Keep in mind, that the process will not be a smooth sailing one.  You will NOT hit your self-discipline goal(s) right away.  Its important that you don't plan for perfection, but rather anticipate that you will inevitably stumble and fall off course at one point or another.

This doesn't make you a failure.  It means you are human.  Even Paul fell short sometimes:

I do not understand what I do. For what I want to do I do not do, but what I hate I do.   (Romans 7:15)

You only fail if you quit and give up.  The key to overcoming a setback is to acknowledge it, get back up, lean on God and His Word, and keep pushing forward.

Being confident of this, that he who began a good work in you will carry it on to completion until the day of Christ Jesus.  (Philippians 1:6)

Take note of how God is working in your life.  Tracking your success is a huge motivational factor to keep you moving in the right direction.  It shows you what God has done and gets you excited to see what He is going to do next in your life!  

It's important to celebrate success along the way and reward yourself accordingly!  There is nothing wrong with a cheat day every now and then, especially when you are moving in the right direction with your goals.  Go off your diet, have a drink, skip the gym, take a "mental health day" off from work, or do something you enjoy!

More Bible Verses About Self-Discipline

Lastly, I want to point out that self-discipline is not based on how you feel.  If you ask a thousand people what their biggest struggle is when it comes to self-discipline, the majority will say a lack of energy or motivation.  

The truth is, you may never feel like doing certain things, and you shouldn't wait until you feel like it.  Self-discipline is doing what needs to be done, everyday, regardless of how you feel. 

We don’t skip brushing our teeth just because we don’t feel like doing it (or at least most of us don’t lol).  We are so disciplined to do it because it’s a part of our daily routine.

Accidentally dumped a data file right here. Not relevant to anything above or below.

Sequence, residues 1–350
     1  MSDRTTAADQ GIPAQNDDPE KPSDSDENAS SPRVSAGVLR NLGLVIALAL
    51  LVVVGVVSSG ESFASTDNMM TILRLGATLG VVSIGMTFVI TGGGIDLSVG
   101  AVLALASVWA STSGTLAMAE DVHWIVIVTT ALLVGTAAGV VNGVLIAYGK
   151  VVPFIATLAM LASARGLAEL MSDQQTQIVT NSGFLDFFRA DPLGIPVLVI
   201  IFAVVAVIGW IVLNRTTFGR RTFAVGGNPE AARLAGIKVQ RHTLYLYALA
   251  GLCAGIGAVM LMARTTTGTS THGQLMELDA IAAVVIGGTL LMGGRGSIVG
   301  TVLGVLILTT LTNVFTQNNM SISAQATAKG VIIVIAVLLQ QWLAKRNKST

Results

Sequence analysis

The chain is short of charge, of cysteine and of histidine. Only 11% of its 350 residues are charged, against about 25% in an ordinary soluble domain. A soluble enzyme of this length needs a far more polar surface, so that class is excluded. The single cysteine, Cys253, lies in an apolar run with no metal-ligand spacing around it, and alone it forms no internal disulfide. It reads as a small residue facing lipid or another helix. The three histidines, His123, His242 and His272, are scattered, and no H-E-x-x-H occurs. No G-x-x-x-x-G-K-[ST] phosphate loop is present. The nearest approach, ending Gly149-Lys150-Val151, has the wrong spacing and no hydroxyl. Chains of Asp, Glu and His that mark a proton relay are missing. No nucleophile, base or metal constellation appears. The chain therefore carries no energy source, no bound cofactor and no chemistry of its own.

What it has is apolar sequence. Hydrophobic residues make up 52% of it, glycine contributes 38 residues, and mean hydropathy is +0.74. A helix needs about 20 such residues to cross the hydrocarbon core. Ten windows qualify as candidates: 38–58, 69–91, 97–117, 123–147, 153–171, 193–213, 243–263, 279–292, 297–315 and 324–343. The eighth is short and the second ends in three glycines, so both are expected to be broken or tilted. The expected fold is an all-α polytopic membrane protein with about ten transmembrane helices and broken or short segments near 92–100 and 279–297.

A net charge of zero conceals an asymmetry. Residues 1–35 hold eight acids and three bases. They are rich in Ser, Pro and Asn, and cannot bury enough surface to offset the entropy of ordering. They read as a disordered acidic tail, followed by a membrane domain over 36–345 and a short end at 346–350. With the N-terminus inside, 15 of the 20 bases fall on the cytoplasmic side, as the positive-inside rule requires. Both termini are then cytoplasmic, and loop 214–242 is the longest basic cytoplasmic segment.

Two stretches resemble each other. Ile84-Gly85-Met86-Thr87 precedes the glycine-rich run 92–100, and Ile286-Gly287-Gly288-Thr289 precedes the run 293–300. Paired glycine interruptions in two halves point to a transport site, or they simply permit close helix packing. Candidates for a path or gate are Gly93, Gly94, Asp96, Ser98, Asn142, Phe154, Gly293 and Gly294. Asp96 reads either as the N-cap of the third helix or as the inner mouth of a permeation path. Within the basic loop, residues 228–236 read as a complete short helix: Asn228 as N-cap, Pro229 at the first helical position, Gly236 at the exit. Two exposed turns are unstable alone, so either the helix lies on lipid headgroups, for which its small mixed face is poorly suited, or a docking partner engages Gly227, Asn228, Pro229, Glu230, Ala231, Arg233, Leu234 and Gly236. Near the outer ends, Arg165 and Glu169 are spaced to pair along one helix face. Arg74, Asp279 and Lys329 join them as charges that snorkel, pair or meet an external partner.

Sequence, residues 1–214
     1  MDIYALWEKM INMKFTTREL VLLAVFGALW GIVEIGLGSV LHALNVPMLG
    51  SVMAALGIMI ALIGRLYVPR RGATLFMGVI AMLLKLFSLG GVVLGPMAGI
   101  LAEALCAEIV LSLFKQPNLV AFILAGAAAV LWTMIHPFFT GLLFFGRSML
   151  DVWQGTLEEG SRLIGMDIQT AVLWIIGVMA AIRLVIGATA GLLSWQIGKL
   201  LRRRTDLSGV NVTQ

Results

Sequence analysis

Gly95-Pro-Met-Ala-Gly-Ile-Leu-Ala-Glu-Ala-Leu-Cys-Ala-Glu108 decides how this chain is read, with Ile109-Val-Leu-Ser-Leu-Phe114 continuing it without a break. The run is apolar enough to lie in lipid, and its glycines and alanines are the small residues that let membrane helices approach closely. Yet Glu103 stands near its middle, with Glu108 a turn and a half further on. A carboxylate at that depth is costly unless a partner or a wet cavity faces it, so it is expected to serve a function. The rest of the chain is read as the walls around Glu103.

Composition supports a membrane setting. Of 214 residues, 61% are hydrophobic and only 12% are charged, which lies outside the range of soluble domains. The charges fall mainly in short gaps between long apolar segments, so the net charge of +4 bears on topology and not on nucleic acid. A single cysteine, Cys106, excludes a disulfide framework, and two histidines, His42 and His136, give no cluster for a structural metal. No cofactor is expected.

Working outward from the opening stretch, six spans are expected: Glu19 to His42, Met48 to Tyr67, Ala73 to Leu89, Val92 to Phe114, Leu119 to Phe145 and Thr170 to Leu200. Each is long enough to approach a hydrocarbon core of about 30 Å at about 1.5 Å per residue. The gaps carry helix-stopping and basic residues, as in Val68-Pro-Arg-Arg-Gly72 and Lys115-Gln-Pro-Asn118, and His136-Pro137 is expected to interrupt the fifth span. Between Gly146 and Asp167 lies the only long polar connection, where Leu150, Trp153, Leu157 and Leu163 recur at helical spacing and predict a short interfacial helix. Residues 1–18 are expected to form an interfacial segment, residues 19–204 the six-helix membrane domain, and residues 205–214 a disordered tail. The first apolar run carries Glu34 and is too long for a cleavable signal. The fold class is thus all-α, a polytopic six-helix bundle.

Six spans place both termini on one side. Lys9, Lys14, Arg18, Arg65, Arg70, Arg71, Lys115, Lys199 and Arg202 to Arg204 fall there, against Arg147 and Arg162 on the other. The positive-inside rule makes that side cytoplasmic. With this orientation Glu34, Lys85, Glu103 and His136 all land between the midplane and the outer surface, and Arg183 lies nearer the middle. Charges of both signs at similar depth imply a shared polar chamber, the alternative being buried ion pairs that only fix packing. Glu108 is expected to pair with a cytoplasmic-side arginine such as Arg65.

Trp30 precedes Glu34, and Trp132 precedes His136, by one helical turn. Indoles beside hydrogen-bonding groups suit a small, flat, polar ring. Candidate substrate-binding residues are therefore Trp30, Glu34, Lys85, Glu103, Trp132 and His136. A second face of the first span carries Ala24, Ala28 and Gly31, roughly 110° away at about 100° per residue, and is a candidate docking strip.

Procrastination says work only if and when you feel like it.  Self-discipline says work especially when you don’t feel like it.  

The bible makes it even clearer in these two verses:

  • Never be lacking in zeal, but keep your spiritual fervor, serving the Lord.  Be joyful in hope, patient in affliction, faithful in prayer.  Romans 12:11-12
  • Let us not become weary in doing good, for at the proper time we will reap a harvest if we do no give up.  Galatians 6:9

Remember, because we are empowered from within by the Holy Spirit to be self-disciplined, we really have no good excuses for quitting or giving up.  And even when we feel like throwing in the towel, we are encouraged to keep our spiritual fervor by tapping into the power of God to push through and keep moving forward.


We CAN Be Self-Disciplined Christians!

Through the Holy Spirit, we have the power to exercise self-discipline in any aspect of our lives.  So lets stop making excuses, and letting society deceive us into thinking we cannot be self-disciplined as Christians.  

Anything in your life that is physically within in your means to do, that you want to work on, or get better at, set a goal to do it, and commit it to God.

Stop procrastinating, eliminate your distractions, and then put in the work!  Decide that no matter what, you will never give up, and will keep moving forward!

Ask God to help you exercise more self-discipline by the power of His Spirit.  And when you slip, stumble, or fall, it won’t change the fact that you CAN do it, through Christ who gives you strength.  It just means you have to keep relying on God along the way, and clinging to His Word for guidance.

Be Sure to Also Read:  

5 Essential Steps to Develop Self-Discipline as a Christian